Thursday, July 29, 2010

Artist Profile: Mark Rothko

"The exhilarated tragic experience is for me the only source of art." - Mark Rothko

This is the first in my series of artist profiles. My intention isn't to provide a regurgitated biography, but I will include relevant biographical information if it punctuates a point.
Born: Marcus Rothkowitz on September 25, 1903 in the former Russian empire. Today,
Daugavpils, Latvia.
Died: February 25, 1970 in Manhattan, New York. (Suicide)
Ethnicity/Religion: Jewish
Movement: Abstract Expressionism/Color Field Painting

I approached Rothko's work, already knowing his ultimate fate and history of emotional turmoil. After doing some research, I learned that after he was diagnosed with a heart condition, he continued to drink and smoke and eat poorly, but he did heed his doctor's advice to avoid painting any pictures larger than a yard in height.

He committed suicide in February 1970 by overdosing on barbiturates and slicing his arms with a razor blade. He cut his left arm first, then the right - the cut on the right was so deep it almost severed his brachial artery. He was found in a 6 ft by 8 ft pool of blood with his arms outstretched - his body a shocking, final masterpiece. His arms outstretched like a Christ figure, overlapping the deep red often used in his pieces, the same grand scale; sticking it to the face of his own destiny. A friend at the scene wanted to take a photo, but was ultimately persuaded not to, surely had the photo surfaced there would be no escaping the transfixing of his lifeless body on every canvas. Thank goodness this is not the case. Rothko had once told his assistant, "If I choose to commit suicide, everyone will be sure of it. There will be no doubts."

My Reaction:

There’s a deep, haunting nature about a Rothko.

Looking at his canon of multiforms, the color schemes he used were mostly in the same family, or complimentary opposites on the color wheel. Picking one at random and looking at it up close, it almost looks like they were painted on a piece of paper that was later burned. The smears in the painting are rapt with sorrow.

The fact that his paintings were so large is slightly ironic. There is a simplicity to them, but the simplicity is complicated by the size, and complicated further the more you look into it.

Rothko once said, "Silence is so accurate." There is an element of spiritual transcendence in a Rothko. The works have a quiet, tragic beauty. They aren't as jarring or visually "complex" as a Jackson Pollock piece, but it probably has just as many layers.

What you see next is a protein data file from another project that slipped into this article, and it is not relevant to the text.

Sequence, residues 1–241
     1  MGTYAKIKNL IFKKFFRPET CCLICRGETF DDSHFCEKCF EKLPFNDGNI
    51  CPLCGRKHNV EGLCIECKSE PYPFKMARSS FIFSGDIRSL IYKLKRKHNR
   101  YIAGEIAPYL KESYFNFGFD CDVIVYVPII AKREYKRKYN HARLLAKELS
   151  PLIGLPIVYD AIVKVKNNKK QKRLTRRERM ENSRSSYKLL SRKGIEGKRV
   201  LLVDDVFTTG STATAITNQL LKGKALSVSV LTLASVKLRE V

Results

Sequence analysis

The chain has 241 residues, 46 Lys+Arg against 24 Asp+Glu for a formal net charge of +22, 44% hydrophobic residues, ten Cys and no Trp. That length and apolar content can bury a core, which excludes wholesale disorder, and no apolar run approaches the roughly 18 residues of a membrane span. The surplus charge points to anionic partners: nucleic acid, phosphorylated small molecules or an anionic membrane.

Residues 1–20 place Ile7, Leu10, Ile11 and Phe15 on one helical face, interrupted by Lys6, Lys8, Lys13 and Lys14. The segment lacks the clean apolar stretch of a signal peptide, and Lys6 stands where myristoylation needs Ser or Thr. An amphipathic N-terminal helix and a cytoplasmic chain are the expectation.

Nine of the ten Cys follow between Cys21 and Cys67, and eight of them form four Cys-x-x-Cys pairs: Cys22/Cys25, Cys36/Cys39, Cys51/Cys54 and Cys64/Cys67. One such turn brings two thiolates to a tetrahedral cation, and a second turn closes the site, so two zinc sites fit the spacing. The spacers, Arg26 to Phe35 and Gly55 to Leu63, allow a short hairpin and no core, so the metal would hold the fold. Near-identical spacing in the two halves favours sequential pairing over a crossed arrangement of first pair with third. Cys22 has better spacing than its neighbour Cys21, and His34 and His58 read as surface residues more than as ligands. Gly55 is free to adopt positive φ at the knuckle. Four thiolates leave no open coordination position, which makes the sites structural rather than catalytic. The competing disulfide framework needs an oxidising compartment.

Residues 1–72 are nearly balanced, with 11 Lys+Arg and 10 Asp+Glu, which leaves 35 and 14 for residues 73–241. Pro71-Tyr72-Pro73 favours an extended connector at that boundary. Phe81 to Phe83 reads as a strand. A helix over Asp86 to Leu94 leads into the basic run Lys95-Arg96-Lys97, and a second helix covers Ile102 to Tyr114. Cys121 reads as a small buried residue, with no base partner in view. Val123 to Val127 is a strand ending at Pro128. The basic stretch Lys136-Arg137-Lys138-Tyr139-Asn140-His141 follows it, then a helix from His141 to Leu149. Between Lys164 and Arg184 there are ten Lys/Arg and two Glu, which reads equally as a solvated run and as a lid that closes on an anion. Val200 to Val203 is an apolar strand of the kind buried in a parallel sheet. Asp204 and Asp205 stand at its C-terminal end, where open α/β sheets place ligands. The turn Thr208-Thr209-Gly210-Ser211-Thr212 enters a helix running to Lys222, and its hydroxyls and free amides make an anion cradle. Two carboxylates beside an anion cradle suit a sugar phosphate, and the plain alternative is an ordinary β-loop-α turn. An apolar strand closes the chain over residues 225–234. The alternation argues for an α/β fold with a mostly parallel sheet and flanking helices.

A Pollock dances around you and pulls you in. The Rothko doesn't dance, it marches to a solemn dirge, but it pulls you in. It doesn't sing like a Pollock sings, it moans, but its a transcendent moan. Like a Buddhist 'om'.

There is something particular about the way the paint is layered and scraped on the canvas. The one I attached at the top of this post (Untitled, 1960) almost looks like someone pressed some berries or other natural media against a sheet of paper. Looking at it up close, it's self-correcting because of the way the paint is smeared. You can look within the smears and find the layers: red with yellow, blue with pink that looks sprayed around it almost like an afterthought, but paradoxically looks like the foundation for the blue, the layer which supports the one after it, like a matriarch to a son.

The rectangular forms aren't centered - that's part of the point. They help you find your own center, your own mythology. The sublime in the subliminal. They're perfect in their imperfection.


  1. "The Rothko doesn't dance, it marches to a solemn dirge, but it pulls you in"

    Great observation. I always loved Rothko, but never really thought about why. I mostly liked the colors. But I agree it has a haunting quality that slowly pulls you in. I had no idea about his suicide. Definitely makes his story more interesting. No cries for help. No false attempts at suicide. Just dove right in. he didn't screw around. I think I'm going to enjoy this blog.

  2. Thanks a lot! I hope you do enjoy it. :)

  3. That's certainly a convincing interpretation (in the form of an emotional outpouring). I say "emotional" to mean the opposite of rational. I'm unwilling to argue or criticize any of the story you weave around "Untitled, 1960", because it works, is fun to read, and adds to the experience of looking at it afterwards. I can't ask for more. Thanks Kat.

    PS: If I do have any hesitation, it's that we are talking about art that uses empty space, silence, etc. It's about less is more, and forces the viewer to do all the hard work of thought and imagination. The result, then, is always going to be a very personal experience that can vary from individual to individual.

  4. Thanks Lex!
    I agree, with more abstract or minimalist art, save for the people who just flat-out hate it because it is so simple, there is more of a gray area in terms of appreciation, some people will like it because of the use of color, or because it isn't busy, and some people will find other things in it (like the silence that I see) and like it for those reasons. A lot of modern/contemporary art yells at you, and while viewing that kind of art, or any kind of art is still a personal experience, more people are likely to take issue with the more loud/dynamic works. :)


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I love to read about linguistics, behavioral economics, theory and philosophy. I listen to music some might call outdated, write satirical and high testosterone plays, consume too much caffeine and ruthlessly defend modern and contemporary art.